Drawhive the labour-saving beehive
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Hive Management

Sooner or later, it would be necessary to carry out some form of manipulation to prevent loss of a swarm. All the usual methods which don’t require the hive to be moved can be used. Methods of swarm control are covered on many beekeeping web sites, so the information on this site will be pertinent to the Drawhive.

The page on swarm control does contain important information rarely covered  properly elsewhere.
Picture of British National 12 X 14 Drawhive in use

To safeguard the queen when the Drawhive is open, a tray in the form of a shallow box is needed. This is deep enough to support the end of the inner chamber. If made the same size as the hive, it can be stored under a hive roof.

 

Levering with a hive tool will easily open the hive. After inspection, the chamber is pushed most of the way in and the tray removed, checking for the queen. Any bees hanging round the gaps can then be cleared with a little smoke and the chamber pushed home.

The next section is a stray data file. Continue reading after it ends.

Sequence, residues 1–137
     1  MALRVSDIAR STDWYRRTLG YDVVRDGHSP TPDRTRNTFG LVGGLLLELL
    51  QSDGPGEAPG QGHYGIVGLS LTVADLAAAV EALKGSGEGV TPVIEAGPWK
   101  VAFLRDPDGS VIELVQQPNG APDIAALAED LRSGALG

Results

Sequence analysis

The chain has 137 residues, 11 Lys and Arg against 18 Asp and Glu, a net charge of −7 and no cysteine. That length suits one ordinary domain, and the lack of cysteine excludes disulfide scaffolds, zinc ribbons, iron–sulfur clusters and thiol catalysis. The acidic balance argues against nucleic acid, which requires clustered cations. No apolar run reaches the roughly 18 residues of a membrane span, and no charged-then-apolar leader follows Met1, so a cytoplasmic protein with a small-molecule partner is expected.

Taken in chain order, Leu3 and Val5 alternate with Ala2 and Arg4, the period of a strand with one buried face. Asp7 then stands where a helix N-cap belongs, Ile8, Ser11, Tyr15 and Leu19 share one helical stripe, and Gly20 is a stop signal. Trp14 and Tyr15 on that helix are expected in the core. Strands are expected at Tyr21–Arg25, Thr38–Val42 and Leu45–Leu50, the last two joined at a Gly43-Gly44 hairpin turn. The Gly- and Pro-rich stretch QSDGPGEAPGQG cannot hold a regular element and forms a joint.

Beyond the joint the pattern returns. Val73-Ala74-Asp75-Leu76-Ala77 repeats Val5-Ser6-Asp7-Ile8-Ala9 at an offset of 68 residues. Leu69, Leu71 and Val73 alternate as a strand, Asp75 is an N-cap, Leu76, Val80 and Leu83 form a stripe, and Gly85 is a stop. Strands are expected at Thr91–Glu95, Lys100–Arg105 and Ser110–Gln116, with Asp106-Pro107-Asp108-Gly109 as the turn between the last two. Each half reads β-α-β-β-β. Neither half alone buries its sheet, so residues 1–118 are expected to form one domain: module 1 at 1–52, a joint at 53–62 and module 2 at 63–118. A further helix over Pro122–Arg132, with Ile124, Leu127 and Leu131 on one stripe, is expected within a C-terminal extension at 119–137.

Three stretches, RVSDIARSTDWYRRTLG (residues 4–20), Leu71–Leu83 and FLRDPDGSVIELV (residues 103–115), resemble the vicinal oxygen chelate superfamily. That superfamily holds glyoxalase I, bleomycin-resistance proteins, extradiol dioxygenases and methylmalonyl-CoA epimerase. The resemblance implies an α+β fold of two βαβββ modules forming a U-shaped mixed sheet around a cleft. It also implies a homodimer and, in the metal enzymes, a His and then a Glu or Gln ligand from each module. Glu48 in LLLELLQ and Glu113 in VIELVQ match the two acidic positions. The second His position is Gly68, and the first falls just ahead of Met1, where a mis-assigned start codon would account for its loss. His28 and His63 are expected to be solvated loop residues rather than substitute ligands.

picture of Langstroth Drawhive in use

Smearing with petroleum jelly, the areas where the two parts of the Drawhive touch, , makes it easier to open and this should be done a couple of times a year.

 

Drawhives can be worked as a double brood box. The tray needs packing up on a spare body to open the top chamber.

Inner chambers can be removed from the outer cases, so it is possible to reverse double boxes, without removing supers.

 

The whole point of the Drawhive though, is to reduce lifting, so it seems best to use a large enough single box, or a hive management system that splits the brood to avoid swarming.

The Drawhive enables a wide variety of hive management methods to be used with the minimum of effort, particularly where a second upper brood chamber is used, as the hive does not need to be dismantled to check on the bees at the bottom.

                                                                                       © Michael Vesty 2007 all rights reserved.

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